This contribution explores the historical origins and development of judicial review in South Africa, as an indication of shifts in relations between - and of the relative legal and political powers of - the three branches of state. It also provides bibliographical details of sources chronicling these historical processes. The first part focused mainly on constitutional review, namely the power of the law courts to test the validity of statutes against constitutional criteria.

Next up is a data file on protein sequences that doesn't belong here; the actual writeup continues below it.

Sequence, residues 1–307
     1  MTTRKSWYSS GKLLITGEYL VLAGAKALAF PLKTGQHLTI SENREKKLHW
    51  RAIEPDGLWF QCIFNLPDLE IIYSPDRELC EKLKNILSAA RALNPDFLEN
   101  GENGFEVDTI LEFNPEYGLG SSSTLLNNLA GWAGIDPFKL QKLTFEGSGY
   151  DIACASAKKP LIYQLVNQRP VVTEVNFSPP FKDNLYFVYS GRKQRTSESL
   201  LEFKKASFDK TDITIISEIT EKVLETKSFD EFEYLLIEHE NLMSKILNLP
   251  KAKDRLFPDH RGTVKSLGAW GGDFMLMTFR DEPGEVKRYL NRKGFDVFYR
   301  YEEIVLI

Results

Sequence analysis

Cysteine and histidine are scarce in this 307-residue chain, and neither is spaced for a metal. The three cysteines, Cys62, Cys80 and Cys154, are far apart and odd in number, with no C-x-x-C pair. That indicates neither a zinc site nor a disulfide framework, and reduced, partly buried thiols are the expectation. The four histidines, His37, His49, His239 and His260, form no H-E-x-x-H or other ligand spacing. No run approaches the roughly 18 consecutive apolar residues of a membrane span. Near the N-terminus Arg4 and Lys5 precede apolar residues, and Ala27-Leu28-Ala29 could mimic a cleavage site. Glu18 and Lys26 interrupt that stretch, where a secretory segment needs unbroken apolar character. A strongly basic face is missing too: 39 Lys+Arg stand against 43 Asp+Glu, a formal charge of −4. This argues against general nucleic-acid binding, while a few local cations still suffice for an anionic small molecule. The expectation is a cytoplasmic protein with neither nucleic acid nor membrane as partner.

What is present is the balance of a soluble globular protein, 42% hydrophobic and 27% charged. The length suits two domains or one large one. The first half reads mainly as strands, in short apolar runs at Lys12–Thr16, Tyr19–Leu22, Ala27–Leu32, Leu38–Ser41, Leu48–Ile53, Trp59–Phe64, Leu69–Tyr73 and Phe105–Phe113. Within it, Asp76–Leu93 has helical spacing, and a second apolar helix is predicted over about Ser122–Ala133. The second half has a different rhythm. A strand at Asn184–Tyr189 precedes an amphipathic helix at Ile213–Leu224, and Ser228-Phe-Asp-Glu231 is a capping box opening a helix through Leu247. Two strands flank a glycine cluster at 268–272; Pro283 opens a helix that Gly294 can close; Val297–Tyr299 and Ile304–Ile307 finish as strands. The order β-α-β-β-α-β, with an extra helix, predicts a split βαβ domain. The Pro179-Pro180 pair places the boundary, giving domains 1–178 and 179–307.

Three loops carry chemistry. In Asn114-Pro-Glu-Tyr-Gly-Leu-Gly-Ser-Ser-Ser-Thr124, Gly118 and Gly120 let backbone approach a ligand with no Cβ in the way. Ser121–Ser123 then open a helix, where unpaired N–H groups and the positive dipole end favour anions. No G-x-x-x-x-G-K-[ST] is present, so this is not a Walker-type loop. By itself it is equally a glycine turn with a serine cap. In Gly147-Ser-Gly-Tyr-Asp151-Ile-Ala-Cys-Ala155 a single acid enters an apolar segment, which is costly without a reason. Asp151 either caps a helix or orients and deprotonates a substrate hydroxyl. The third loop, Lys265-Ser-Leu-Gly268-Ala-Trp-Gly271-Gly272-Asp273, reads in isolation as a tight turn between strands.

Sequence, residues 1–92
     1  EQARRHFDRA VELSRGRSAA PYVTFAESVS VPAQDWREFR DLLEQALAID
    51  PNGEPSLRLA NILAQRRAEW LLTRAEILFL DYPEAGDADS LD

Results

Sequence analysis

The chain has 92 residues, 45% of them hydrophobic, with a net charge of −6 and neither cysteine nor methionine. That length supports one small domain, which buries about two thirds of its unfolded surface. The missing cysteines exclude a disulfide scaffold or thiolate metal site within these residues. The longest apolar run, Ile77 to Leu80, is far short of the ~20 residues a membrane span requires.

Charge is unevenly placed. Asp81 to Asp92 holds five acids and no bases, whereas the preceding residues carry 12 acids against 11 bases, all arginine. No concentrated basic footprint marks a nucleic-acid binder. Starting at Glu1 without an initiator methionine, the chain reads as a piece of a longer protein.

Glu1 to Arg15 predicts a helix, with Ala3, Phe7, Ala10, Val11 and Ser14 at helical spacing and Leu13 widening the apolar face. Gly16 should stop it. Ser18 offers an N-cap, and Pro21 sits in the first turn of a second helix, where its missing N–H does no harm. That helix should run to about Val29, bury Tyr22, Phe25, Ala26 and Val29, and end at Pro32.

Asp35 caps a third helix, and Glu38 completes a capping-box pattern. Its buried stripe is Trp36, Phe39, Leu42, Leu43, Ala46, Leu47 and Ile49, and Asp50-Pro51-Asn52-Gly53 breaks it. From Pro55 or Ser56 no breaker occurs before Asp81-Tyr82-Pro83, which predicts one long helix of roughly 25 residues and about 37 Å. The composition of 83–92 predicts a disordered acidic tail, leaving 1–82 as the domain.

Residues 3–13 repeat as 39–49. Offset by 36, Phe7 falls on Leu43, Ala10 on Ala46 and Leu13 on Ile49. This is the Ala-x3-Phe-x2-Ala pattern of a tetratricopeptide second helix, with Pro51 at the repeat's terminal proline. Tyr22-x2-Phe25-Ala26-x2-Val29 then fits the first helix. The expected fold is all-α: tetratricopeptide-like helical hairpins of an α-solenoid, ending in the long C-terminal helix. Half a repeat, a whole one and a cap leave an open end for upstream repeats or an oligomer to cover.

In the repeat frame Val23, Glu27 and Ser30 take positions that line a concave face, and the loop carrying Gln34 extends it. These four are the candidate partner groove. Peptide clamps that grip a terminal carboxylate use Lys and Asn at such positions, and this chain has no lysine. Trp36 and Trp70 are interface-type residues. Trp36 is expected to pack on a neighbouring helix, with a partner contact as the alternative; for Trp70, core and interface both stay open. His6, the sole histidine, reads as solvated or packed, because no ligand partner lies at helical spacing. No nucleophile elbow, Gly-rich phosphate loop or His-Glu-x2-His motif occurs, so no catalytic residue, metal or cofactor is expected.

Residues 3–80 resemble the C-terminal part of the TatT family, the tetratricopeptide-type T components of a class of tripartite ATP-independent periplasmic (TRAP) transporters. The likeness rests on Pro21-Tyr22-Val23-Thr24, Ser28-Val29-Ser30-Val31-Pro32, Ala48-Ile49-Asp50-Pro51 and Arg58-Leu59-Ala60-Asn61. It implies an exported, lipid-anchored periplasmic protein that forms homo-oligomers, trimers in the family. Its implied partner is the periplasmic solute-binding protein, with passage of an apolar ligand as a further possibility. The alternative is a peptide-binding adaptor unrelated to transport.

This second part analyses the historical development of administrative law, especially the common-law evolution of judicial review of the decision-making processes of organs of state, and how that process unfolded reciprocally with political shifts in twentieth-century South Africa. There is also a synopsis of the introduction of administrative law as a discrete subject in South African law schools. Finally, this contribution briefly explores historical aspects of the role of interpretation of statutes in the context of administrative law, and briefly touches on special statutory review as distinct from common-law review.